“In sickness and in health” is easier said than done! If you’re wondering if your relationship can survive a serious illness – mental or physical – check these tips out. They’re inspired by a comment from a reader…
“I’ve been in a relationship for over five years,” says J. on When Your Partner is Depressed. “Until about four years ago things were great, my boyfriend was affectionate, complimentary, romantic, everything a woman could wish for. He lost his mom about four years ago, which was truly sad, but he seemed to cope. It wasn’t until the end of last year that he changed significantly, he became snappy and there was no intimacy in our relationship. Then he totally snapped and said he was fed up with things and didn’t know what he wanted. I told him until he sorted himself out and saw a doctor not to come back, which totally broke me as I love him deeply. Now we know he is depressed, he goes to cognitive therapy once a week. After seven months on feels no change, and won’t take medication. He also has a lot of financial issues and work stress due to self-employment. He shows no love towards me anymore, although I continue to let him know how much I love him.”
Is a severe illness, such as depression or cancer, threatening your relationship? Are you worried that your love won’t survive the illness? These tips may help.
Can Your Relationship Survive a Serious Illness?
Here’s the rest of J’s comment:
”Can I handle this situation better and will he be the way he was before? I just so hate the day I told him to go to the doctor because I think if he had not been told it was depression maybe he would of just got through it. Thanks if you could advise me in any way.”
Remember that you’re doing the best you can for your partner and relationship
Try not to second guess your past actions. You did the best you could; you were hoping to repair and save your love relationship! You did not cause your partner’s illness. You have no idea what shape he’d be in if you hadn’t encouraged him to see a doctor, my friend. So, do not beat yourself up for past decisions you made out of love.
One thing that worries me is when women stay in loveless relationships. I often get comments from women whose partners don’t show them any love, yet they stay in the relationship anyway. They think their love will save the relationship…but it can’t.
If you’re in love with a man who doesn’t love you back, read 5 Signs It’s Time to Take a Break From Your Relationship.
Accept that your relationship probably will never be the way it was
Your partner won’t like go back to the way he was before the illness. Even if your relationship can survive this illness, both of you are totally different people! In many ways, you’re stronger, smarter, and healthier. I know it doesn’t seem that way now, but this illness can make your love and your selves stronger.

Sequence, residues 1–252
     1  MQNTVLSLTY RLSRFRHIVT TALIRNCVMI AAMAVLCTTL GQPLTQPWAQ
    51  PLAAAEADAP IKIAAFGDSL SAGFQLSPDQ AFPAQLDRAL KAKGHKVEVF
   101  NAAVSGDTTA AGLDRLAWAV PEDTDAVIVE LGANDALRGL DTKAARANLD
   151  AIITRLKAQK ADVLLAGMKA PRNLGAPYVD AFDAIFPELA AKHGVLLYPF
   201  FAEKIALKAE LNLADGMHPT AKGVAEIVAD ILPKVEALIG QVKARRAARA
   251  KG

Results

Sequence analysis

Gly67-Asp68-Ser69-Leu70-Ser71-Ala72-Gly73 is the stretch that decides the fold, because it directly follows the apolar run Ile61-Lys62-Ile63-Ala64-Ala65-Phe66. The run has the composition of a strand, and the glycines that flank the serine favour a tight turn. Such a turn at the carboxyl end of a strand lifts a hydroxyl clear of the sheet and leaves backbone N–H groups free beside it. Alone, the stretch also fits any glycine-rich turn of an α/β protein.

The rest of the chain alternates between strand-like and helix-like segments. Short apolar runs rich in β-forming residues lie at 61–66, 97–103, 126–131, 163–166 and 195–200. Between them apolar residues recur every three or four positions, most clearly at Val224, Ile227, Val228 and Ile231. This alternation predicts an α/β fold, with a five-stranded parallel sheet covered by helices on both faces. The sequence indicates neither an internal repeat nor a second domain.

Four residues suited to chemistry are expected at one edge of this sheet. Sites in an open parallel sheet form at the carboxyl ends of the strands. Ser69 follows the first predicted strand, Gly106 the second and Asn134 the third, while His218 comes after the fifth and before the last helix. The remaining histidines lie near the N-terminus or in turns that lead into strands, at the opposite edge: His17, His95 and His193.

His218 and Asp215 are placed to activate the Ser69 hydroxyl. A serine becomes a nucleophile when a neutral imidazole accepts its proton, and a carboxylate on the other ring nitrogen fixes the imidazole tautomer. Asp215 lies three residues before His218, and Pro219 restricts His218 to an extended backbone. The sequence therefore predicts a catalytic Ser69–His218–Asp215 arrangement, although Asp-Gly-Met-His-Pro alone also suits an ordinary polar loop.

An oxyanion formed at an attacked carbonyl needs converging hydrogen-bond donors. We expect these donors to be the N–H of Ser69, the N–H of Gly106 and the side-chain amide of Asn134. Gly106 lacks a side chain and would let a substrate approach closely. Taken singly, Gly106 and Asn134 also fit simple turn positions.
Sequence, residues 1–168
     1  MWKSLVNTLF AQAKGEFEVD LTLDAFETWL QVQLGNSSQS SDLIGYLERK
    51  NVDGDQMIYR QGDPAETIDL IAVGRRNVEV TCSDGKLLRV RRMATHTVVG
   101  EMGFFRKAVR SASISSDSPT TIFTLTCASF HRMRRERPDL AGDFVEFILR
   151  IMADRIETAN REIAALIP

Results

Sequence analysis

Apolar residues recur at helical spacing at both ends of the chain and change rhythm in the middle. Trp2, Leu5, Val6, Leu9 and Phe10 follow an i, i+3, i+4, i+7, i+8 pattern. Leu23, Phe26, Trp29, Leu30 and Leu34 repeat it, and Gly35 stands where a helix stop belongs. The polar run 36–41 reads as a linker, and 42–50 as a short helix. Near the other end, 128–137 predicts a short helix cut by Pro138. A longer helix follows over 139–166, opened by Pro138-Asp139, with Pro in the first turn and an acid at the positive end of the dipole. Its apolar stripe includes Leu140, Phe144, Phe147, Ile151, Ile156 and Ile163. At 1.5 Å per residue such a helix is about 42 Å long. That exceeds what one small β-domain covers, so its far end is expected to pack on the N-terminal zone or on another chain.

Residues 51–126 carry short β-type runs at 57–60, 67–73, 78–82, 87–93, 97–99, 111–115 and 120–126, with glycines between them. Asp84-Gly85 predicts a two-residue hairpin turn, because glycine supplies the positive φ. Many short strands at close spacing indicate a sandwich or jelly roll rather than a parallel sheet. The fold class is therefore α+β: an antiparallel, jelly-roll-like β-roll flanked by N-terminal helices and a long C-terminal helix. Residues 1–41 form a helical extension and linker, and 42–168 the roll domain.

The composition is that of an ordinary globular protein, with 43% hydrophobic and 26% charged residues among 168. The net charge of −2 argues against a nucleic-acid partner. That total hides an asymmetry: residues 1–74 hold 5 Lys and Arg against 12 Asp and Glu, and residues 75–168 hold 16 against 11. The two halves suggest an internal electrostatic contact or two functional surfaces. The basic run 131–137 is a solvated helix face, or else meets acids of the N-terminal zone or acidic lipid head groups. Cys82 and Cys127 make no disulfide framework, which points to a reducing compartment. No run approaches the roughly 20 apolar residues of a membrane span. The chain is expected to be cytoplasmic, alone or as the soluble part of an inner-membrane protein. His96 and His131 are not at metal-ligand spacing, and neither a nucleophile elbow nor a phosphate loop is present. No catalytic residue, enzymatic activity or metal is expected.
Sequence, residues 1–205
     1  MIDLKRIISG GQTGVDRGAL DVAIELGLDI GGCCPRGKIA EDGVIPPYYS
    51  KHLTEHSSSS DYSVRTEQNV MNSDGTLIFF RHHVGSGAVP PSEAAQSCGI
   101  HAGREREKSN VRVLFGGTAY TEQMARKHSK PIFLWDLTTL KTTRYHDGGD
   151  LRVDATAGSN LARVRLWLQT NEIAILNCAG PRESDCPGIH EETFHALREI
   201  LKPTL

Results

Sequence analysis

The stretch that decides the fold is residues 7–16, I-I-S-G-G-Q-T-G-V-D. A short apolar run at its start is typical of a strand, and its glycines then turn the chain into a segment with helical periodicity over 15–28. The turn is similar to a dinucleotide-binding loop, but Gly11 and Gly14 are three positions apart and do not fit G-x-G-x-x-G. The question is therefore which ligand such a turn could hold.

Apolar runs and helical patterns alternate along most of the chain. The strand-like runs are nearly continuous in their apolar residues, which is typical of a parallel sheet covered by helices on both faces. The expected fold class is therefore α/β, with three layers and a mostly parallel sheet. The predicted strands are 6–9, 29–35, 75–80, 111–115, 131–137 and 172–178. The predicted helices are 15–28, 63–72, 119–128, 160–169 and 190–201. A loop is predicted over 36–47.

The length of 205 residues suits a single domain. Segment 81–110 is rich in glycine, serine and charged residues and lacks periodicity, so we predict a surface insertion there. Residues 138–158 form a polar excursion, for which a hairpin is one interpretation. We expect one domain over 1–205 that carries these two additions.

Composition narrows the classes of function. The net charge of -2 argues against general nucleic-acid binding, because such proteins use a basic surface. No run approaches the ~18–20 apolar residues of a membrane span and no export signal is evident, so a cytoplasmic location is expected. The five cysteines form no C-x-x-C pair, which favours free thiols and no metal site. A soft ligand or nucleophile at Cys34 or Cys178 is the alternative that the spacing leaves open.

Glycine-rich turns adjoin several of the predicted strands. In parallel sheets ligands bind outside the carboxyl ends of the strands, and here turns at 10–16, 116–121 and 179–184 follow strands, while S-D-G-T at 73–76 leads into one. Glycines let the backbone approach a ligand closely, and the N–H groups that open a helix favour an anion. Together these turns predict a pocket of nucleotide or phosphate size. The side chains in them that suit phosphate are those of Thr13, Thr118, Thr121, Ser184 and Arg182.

So no, he may not be the way he was before. I don’t know if he’ll be a happier, healthier man than he was before. Some people survive serious illnesses and their lives are 100% better!
Get as emotionally and physically strong as possible
If you’re stressed, scared, worried, angry, or depressed about your relationship, then you won’t help it. You need to focus on getting strong and healthy. One of the best ways to help your partner survive a serious illness – and to help your love relationship survive – is to take care of yourself. The happier and healthier you are, the more you have to offer your partner.
Getting emotionally strong may involve talking to a counselor about your role in the relationship. There is such a thing as enabling an illness, which involves prolonging and even making it worse. A counselor can help you sort out if you and your partner are in a healthy love relationship. A serious illness is tough to survive no matter how healthy your love is — but if your love isn’t healthy, then you’re in for a long, unhappy haul.
Learn as much as you can about your partner’s illness
Go to support groups for family members, read books about the illness, talk to your partner’s doctor if possible, and get information from reputable health websites. If you visit blogs written by people with the illness, remember that you’re reading one person’s perspective. Try to distinguish between reputable health websites and personal blogs.
The more you know about your partner’s illness, the better you’ll be able to cope. Understanding and clarity can help your relationship survive his illness – especially if you know where to draw your boundaries, and how to stick to them.
You might find My Wife Has Cancer – How Husbands Can Help Women With Cancer helpful. It’s written from a man’s perspective.
Has your partner ever had a serious illness? How did your relationship survive? Comments welcome below…
I'm glad you're here! My name is Laurie Pawlik-Kienlen; my husband Bruce and I live in Vancouver, BC with our critters. We can't have kids, and are learning to accept whatever life brings - both good and bad. I have an MSW (Master of Social Work) from UBC, and degrees in Education and Psychology. I hope you say hello below - I can't give relationship advice, but writing can bring you clarity and insight.